wpostServer: http://css.washingtonpost.com/wpost

The Post Most: Politics

Read In

Now Viewing: People from around the country looking at Post Politics section

See what's being read across the country ›

Social Surface: Politics

2chambers
Posted at 04:20 PM ET, 05/11/2011

Lieberman leads senators on resolution critical of Syrian president

Fifteen senators led by Sen. Joseph I. Lieberman (I-Conn.) have introduced a resolution saying that the Syrian government has “lost legitimacy” because of its violent suppression of protestors and calling for more sanctions against Syrian President Bashar al-Assad.

At a Capitol press conference Wednesday, Lieberman and co-sponsor Sen. John S. McCain (R-Ariz.) said they did not see a need for U.S. military action in Syria at the moment. Unlike in Libya, they said, the Syrian opposition has not asked for U.S. military support, and there was little evidence that Syrian air power was targeting protestors.

“There is not a military answer to that question right now,” Lieberman said. “But I would not want Bashar al-Assad in Damascus to feel comfortable — if he continues to rampage against his own people--that it’s impossible that the world will rise up and strike back.”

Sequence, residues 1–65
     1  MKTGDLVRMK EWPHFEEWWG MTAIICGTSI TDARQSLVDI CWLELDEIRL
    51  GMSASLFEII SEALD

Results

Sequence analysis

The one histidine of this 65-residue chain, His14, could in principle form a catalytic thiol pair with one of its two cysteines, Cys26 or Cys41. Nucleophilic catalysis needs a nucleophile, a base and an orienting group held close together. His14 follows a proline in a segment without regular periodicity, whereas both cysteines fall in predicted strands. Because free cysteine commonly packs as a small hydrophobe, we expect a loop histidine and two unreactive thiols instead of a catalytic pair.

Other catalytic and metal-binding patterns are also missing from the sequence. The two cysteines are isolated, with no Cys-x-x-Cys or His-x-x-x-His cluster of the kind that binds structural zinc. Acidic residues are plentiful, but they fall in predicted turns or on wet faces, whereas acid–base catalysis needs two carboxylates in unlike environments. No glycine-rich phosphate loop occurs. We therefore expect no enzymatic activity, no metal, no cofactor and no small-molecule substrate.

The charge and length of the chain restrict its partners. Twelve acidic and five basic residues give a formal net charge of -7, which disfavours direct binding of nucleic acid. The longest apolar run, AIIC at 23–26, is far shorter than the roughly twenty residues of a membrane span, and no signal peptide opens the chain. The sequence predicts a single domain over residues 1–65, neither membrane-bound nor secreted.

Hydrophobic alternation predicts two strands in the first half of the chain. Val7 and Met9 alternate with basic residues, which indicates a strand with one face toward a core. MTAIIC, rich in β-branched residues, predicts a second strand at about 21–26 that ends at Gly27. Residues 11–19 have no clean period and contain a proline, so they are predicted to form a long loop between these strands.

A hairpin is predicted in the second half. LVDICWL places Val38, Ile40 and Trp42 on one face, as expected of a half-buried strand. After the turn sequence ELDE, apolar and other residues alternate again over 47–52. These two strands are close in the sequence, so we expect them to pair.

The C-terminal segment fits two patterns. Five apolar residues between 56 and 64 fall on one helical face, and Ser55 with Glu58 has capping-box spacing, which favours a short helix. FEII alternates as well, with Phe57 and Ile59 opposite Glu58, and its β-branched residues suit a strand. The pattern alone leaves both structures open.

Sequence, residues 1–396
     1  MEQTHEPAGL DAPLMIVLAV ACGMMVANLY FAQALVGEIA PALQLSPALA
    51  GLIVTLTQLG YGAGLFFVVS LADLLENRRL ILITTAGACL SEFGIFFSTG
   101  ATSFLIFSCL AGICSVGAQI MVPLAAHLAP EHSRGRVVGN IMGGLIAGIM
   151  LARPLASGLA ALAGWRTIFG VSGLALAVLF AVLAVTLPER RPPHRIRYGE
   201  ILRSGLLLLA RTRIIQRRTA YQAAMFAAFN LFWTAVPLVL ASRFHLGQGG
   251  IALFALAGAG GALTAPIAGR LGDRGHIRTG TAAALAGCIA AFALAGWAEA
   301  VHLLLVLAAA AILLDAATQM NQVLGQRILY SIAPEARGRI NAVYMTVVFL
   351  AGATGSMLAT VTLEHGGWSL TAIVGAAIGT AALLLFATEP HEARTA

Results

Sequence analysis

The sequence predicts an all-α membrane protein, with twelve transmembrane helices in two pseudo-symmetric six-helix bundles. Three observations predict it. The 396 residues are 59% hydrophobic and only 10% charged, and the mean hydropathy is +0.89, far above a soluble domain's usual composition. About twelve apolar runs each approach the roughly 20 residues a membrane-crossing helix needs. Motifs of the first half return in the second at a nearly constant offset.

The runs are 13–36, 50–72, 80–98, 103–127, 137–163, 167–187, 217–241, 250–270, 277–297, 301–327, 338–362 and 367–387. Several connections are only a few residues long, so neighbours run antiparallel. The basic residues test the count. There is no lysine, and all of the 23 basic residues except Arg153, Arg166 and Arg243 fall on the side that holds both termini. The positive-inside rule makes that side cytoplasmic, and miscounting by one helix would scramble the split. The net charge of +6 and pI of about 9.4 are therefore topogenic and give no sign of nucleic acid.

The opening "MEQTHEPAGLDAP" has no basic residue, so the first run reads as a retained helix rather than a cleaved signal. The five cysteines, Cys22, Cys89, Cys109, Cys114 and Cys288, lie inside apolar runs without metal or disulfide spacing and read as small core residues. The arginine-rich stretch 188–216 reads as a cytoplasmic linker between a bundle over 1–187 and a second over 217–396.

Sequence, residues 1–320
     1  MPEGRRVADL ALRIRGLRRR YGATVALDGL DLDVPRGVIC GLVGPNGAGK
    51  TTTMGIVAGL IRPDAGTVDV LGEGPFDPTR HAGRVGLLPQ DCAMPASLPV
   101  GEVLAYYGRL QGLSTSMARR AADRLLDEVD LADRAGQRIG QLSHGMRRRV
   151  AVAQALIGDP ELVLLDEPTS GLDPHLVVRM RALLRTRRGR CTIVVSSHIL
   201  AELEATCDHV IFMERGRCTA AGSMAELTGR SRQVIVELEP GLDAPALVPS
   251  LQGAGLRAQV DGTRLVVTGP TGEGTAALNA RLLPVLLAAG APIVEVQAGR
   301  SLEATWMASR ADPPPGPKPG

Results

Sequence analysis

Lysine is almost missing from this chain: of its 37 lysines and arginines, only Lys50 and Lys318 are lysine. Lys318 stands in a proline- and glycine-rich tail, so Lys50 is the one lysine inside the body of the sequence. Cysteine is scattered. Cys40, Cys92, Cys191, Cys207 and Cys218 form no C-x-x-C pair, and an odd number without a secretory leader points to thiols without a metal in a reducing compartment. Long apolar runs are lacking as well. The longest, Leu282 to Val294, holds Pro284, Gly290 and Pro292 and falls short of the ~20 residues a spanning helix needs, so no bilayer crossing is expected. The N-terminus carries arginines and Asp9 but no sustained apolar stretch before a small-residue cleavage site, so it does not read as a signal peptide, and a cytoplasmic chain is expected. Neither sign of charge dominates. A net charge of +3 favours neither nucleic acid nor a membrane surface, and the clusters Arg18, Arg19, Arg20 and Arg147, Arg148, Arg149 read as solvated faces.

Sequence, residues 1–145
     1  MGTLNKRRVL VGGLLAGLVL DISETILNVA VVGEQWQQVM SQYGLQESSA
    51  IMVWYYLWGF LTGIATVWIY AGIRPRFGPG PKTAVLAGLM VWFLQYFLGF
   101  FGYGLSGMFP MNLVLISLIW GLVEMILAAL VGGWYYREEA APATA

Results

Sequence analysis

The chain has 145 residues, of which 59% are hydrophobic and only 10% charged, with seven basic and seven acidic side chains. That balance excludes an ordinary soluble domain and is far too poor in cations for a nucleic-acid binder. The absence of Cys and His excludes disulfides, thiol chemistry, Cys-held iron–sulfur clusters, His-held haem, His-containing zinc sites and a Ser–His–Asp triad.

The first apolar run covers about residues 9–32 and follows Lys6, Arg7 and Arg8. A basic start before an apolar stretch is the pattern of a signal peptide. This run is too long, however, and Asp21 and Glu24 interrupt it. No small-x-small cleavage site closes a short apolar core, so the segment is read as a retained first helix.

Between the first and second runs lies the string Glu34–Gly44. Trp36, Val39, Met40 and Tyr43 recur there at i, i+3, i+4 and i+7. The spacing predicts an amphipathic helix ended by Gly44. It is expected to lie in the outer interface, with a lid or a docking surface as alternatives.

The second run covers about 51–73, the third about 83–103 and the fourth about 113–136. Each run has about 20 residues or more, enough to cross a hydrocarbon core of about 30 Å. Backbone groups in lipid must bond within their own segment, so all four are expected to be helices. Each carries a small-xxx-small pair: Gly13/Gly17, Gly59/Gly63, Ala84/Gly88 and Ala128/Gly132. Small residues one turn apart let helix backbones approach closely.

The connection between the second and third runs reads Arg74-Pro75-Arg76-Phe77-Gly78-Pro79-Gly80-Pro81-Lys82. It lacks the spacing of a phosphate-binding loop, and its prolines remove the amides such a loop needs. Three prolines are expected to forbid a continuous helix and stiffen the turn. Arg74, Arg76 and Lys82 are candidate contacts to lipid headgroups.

The resolution calls on President Obama to “speak out directly, and personally, to the people of Syria about the situation in their country.” It also calls for economic sanctions to be extended to more members of the Syrian elite, including Assad himself.

“Assad is a thug and a murderer — a totalitarian leader who is pursuing the Gaddafi model and hopes to get away with it,” Lieberman said, meaning Libyan leader Moammar Gaddafi.

Lieberman and McCain were joined at the podium by Sens. Benjamin M. Cardin (D-Md.) and Marco Rubio (R-Fla.). Rubio, a freshman senator making one of his strongest statements yet on foreign policy, spoke about the universal nature of human rights. He was the most specific of the senators about what Assad’s fate should be, suggesting that “patriots” in the Syrian armed forces might remove him from power in a coup d’etat.

“Bashar al-Assad should no longer be treated as the legitimate ruler of Syria,” Rubio said.

By  |  04:20 PM ET, 05/11/2011

 
Read what others are saying
     

    © 2011 The Washington Post Company